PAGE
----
1. I attended a work programme "Work Shop" recently. Apparently, the reason none of us can find a job is that we lack confidence to telephone companies and ask if they have any jobs. Most jobs are never advertised.

      I thought of the channel four interview with Emma Harrison, the recent story of how over a hundred thousand people are not counted as unemployed because they are in the work programme, and the stats that proved that you have a better chance finding a job on your own than if you are referred to the work programme.

      I sat at a computer to try to find some of these hidden jobs, but gave up when a Sky news story came on about a bank making another 950 people redundant.

      So, at the next Work Shop do I list the evidence of how awful the employment situation is, and how the work programme isn't equipped to deal with it, or do I just sit quietly and suck it up?

      Writing this I have a awful headache. Thinking about it all is making my head hurt.

    2. You're not alone. Right down to the little things, the balances are against you. As I only found today, you're only allowed two absences a year, for whatever reason, and after that you're punished. Two weeks money off. Then three months and so on, if you can't successfully appeal the 'sanctions'. And the woman at the desk sounded almost smug telling me all that when I tried to fix things, when I rang ahead to tell them my bike was broken and I had only half the bus money.

      (Mind, I did escape punishment today, only for the fact I mixed up the appointment days!)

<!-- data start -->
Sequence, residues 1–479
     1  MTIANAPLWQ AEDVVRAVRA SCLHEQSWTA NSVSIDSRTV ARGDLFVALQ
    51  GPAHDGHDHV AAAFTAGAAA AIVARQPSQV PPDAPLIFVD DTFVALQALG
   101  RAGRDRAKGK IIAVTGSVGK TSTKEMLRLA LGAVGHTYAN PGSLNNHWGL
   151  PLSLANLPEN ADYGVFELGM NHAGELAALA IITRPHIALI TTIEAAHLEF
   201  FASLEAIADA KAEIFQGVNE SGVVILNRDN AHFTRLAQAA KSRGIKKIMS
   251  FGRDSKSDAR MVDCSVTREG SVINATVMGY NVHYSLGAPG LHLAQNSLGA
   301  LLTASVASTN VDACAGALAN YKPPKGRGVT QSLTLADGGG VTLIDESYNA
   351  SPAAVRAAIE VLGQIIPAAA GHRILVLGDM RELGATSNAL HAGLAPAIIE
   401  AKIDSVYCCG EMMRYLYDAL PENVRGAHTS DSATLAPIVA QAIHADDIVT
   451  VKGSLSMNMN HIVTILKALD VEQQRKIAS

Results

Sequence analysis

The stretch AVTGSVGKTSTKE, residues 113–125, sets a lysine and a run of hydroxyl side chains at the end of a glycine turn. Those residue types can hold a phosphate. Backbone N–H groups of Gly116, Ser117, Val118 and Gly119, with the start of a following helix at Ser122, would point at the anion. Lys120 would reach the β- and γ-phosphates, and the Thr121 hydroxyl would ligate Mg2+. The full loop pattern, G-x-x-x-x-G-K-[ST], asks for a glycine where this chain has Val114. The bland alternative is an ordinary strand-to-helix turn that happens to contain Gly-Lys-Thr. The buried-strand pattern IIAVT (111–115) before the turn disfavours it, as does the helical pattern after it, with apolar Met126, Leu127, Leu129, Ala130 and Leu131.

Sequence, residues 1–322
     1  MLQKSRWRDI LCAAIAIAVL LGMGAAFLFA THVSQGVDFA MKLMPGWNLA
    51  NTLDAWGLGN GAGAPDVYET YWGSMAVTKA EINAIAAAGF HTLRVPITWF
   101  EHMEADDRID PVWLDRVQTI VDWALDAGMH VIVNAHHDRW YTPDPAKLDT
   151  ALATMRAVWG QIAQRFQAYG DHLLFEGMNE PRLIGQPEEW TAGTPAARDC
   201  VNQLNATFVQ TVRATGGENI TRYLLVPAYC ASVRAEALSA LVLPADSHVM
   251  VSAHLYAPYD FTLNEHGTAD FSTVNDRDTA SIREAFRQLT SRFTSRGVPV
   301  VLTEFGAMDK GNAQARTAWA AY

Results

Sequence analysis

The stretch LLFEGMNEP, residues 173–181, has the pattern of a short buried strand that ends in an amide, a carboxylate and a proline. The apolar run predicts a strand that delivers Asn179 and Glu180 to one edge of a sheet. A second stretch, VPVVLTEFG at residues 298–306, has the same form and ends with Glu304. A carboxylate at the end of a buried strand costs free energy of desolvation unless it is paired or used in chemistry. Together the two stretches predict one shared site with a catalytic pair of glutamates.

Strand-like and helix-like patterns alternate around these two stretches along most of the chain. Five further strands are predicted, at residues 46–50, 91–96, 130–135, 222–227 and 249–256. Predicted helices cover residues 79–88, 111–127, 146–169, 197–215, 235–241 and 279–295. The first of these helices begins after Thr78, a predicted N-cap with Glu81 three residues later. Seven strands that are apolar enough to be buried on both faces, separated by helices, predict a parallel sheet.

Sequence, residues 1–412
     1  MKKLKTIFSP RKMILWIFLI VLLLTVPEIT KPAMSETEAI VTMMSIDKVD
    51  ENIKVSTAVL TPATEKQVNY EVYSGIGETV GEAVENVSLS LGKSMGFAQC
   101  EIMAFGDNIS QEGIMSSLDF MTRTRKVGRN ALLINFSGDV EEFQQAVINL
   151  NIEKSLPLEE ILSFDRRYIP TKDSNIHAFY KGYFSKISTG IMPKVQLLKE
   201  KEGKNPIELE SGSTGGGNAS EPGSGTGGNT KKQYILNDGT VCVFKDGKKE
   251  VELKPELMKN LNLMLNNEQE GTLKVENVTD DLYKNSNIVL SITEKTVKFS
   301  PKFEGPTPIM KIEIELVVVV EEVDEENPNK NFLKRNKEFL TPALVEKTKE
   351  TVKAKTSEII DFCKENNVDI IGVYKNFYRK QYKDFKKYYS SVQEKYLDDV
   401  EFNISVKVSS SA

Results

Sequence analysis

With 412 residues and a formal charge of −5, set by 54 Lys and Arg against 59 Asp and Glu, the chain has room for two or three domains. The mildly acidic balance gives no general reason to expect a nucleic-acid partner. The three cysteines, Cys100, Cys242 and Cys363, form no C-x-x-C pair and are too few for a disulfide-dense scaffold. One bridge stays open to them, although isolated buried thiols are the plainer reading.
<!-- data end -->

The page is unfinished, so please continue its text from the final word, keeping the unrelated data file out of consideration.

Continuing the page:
You do seem to get fewer rights than at work with A4e and Workfare. If things were hard but fair, that would be something else too. But if you're sick or suffering some other emergency, you're punched.

      THEN you have to worry about finding the scarce jobs, or face even more aggro if you can't find the 'right' ones, or enough of them. And that's apart from the seriously disabled pushed into work and no benefits.


  7. Off the subject...I asked the WP why they did not reimburse the actual cost of travel to attend(the max they pay is £3.30) followed the complaint procedure and finally got a letter as a reply "We buy are tickets in bulk from a carrier at a cost of £3.00" ok,but for an unscheduled appointment I am unable to do this..We will post you a ticket..ok post me have to come in and sign for it first..will you pay for me to do this.. yes but to a max of £3.30..but my cost is £ stated we buy in bulk.....obtuse?

  8. Just read John Battle,former MP,saying that unemployment benefits account for only three percent (3%) of the total social security budget.

    1. Makes sense.
      approx 10 million pensioners (£107/week)
      approx 2 million unemployed (£72/week)

      then housing benefit etc for the rest of the budget

      The pensioners have paid tax, but then given that there are 10 million of them and they still vote, nobody would want to upset them too much would they?

    2. Most pensioners still pay tax. The personal allowance before tax is less than the state pension. If you have an occupational pension, however small, and / or any other income, you lose 20% of it.

  9. Work programme coaches say, a person should work part time, all well and good, but........ 16 hours a week is the same as jobseekers allowance, take fromthat bus fares £10 a week even to travel local, and a perrson is worse of than being on jobseekers allowance, what happened to the goverments mantra of "A person will be better of in work under this goverment,?